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5@5: Organic farmers stalk fraudulent imports | General Mills' winning sales growth strategy

Each day at 5 p.m. we collect the five top food and supplement headlines of the day, making it easy for you to catch up on today's most important natural products industry news.

Organic US farmers stalk fraudulent imports to save their markets

Sales of organic food have more than doubled over the past 10 years in the United States, but organic farmers are struggling to produce enough organic feed for the animals that provide organic eggs, milk and meat. Now, organic farmers are seeing a rise in counterfeit imported organic grain that is lowering prices for certified organic farmers in addition to defrauding customers—and they’re fighting back. Read more at The Star Tribune …

As mega-takeovers fade in the food industry, General Mills emerges as winner

While the food industry’s last era focused on slash-and-burn cost savings, an emerging one emphasizes growing sales and brand reinvestment. General Mills has been focusing on organic sales growth for the past two years, and the company’s goal is to consistently grow organic sales by low single digits over the long term. Read more at The Morning Call …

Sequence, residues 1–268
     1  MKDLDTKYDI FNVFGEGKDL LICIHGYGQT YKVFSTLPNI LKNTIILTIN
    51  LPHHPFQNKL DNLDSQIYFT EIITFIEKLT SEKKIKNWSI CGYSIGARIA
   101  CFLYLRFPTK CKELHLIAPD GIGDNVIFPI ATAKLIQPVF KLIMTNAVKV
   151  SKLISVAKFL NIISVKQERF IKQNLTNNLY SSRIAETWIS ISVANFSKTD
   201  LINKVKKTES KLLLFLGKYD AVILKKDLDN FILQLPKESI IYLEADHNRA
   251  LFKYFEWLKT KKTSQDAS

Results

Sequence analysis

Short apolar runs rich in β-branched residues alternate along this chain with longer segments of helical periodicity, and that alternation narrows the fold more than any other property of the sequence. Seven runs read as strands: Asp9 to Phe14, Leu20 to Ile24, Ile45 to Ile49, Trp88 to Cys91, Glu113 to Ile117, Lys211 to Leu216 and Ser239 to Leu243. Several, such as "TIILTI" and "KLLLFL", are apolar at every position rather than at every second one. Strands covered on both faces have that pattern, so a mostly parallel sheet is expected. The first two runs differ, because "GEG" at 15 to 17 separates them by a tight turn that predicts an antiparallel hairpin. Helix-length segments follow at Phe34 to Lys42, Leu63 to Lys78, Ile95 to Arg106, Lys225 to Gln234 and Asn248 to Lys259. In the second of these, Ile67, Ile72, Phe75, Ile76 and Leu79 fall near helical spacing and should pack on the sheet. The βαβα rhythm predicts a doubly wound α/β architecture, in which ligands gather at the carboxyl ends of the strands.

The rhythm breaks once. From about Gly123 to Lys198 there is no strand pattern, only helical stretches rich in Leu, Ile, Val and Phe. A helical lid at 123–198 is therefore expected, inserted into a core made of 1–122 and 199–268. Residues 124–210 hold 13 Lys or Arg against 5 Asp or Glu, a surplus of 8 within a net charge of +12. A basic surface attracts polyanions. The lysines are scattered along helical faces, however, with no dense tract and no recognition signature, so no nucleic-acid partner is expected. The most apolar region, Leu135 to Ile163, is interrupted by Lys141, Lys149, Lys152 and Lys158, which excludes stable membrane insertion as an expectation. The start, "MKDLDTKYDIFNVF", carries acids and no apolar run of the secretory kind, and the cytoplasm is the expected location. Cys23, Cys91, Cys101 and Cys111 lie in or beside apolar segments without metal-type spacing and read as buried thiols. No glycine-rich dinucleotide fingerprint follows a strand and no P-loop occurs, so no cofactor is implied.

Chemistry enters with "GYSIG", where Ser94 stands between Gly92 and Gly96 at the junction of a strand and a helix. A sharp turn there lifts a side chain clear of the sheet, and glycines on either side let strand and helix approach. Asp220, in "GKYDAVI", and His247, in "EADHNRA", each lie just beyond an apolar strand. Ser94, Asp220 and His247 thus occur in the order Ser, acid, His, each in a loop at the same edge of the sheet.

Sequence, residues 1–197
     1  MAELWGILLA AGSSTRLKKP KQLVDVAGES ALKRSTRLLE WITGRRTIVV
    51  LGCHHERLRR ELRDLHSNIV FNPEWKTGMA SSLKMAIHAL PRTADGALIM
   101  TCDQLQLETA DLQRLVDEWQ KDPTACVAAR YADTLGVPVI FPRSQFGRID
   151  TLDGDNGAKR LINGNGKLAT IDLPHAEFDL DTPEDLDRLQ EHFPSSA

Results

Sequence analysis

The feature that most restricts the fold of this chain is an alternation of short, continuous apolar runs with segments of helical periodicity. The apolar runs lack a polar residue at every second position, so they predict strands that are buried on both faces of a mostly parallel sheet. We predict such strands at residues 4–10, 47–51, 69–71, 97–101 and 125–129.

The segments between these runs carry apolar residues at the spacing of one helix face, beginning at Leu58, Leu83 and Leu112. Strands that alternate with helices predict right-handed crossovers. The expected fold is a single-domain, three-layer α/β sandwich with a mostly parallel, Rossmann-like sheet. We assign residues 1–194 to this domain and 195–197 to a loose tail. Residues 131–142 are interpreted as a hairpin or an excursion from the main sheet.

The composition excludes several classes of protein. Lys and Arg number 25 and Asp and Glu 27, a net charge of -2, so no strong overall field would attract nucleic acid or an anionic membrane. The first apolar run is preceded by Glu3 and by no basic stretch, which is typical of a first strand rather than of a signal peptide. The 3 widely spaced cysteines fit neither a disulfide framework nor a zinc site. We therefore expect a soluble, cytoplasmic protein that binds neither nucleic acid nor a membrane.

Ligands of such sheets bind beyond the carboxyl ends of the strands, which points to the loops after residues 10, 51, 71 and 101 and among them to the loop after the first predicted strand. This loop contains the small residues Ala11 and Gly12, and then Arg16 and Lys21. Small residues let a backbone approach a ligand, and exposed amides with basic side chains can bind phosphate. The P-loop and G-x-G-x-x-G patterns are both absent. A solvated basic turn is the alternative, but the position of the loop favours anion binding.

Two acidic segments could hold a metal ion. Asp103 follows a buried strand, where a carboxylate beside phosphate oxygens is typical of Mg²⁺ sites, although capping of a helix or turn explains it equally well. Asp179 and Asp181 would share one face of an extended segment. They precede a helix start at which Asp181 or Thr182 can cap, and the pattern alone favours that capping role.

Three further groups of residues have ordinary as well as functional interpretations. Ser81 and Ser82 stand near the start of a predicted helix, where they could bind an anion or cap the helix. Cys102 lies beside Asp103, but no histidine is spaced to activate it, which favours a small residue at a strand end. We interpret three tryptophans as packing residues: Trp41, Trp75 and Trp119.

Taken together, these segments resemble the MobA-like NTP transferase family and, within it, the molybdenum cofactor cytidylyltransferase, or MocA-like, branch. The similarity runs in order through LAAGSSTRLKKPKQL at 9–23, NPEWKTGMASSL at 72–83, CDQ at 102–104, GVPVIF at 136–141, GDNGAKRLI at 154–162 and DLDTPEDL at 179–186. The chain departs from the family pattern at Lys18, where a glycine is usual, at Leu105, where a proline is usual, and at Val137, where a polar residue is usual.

Nestle wraps Yes bar in paper as it seeks to cut plastic waste

Nestle will begin selling Yes fruit and nut bars in a paper wrapper after developing the technology to wrap the bar in the material at the high speed required for packaging a product on a mass scale. The paper is sourced sustainably and Nestle reportedly has exclusivity to the paper-packing technology with its unidentified supplier. Read more at Bloomberg …

Another summer, another run of toxic algal blooms

Toxic algal blooms, which are primarily caused by runoff from manure coupled with synthetic fertilizers used on farms, are currently shutting down lakeside beaches in the Midwest. But while they have been multiplying year over year, regulations affecting farm runoff remain “notoriously lax." Read more at New Food Economy …

Under a microscope: Startups grow meat in lab, face scrutiny

Cell-grown meat startups have attracted investments from food giants such as Cargill and Tyson Foods, and for good reason—a recent report indicates that cultured meat will make up 35% of meat consumed worldwide by 2040. However, such companies still need to pass multiple government inspections before going to market, as well as reduce the cost of cultured meat to a competitive level. Read more at AP News …

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